That said, we wanted to catch up with “Alderson” and ask him a few questions. Here is what we found out from this award-winning teacher and inspiring man:

CityU’s  Interview with Dan Alderson:

City University of Seattle (CU): What do you teach at Lake Stevens High School? What is one thing that excites you about your job? Why?

Dan Alderson (DA): I teach English 10, Creative Writing, and Advanced Composition. One thing I love about Lake Stevens High School is that I’m surrounded by amazing professionals. Sure, there’s been a lot of hoopla about me lately. Honestly, though, I see myself and whatever “good things” that happen in my classroom as the result of thousands of hours of rubbing shoulders with some of the best our profession has to offer.

CU: When did you know you wanted to be a teacher?

DA: High school. Mr. Whalen’s World Cultures class hooked me on lifelong learning. Actually, I got talked out of teaching by “friends” who were concerned for my pocketbook. What a load of hooey! I’m so grateful I went back for my degree and got into education. How powerful is it that we/I get to positively shape the next generation?

CU: You are now among 1,000 teachers nationwide who have been recognized by the Family Foundation during the past 25 years – how did it feel winning the Family Foundation National Educator Award?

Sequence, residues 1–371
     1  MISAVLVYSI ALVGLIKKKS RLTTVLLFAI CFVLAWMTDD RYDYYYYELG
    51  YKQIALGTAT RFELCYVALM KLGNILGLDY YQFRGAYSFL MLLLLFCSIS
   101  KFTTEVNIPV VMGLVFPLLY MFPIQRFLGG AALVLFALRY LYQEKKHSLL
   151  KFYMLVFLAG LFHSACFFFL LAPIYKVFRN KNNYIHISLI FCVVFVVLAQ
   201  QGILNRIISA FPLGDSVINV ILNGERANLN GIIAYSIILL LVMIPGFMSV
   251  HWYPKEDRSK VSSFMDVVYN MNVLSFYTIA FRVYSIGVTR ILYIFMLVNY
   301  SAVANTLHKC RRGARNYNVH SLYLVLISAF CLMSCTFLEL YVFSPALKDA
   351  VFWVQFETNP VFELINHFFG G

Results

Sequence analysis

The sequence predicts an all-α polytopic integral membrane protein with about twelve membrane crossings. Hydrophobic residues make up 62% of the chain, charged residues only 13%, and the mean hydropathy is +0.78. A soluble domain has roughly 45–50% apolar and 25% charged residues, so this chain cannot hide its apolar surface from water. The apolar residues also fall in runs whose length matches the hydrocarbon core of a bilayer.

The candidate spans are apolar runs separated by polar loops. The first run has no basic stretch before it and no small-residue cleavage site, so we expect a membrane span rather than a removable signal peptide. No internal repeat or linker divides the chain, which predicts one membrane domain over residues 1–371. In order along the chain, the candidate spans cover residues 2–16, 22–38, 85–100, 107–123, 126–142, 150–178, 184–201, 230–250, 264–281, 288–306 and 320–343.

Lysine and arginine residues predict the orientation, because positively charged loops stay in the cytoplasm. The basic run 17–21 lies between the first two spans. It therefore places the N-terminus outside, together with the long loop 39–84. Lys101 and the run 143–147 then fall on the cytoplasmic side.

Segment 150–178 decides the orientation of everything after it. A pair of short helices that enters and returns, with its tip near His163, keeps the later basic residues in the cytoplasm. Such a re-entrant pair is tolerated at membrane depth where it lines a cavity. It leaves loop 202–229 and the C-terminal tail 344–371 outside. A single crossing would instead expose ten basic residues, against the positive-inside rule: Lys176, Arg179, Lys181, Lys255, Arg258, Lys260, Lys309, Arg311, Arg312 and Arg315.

DA: Surreal. Shocking. Embarrassing.

CU: You are known for having a great passion for teaching – why are you so passionate about your profession? Would you encourage others to go into teaching?

DA: We have the greatest charge of any profession on the planet: help the next generation of the world’s citizens develop into thinking individuals. If that’s not enough to light your passion, I don’t know what is.

Well, that’s really a double- edged sword. Sure, I’d encourage others to get into teaching – there is no greater call. And at the same time, my work with the Professional Teaching Assessment (“ProTeach”) has taught me that teaching is NOT for everyone. Being passionate is a good start, but it’s not enough. Good teachers have to be willing to give up what they “prefer” for what is “best for kids.”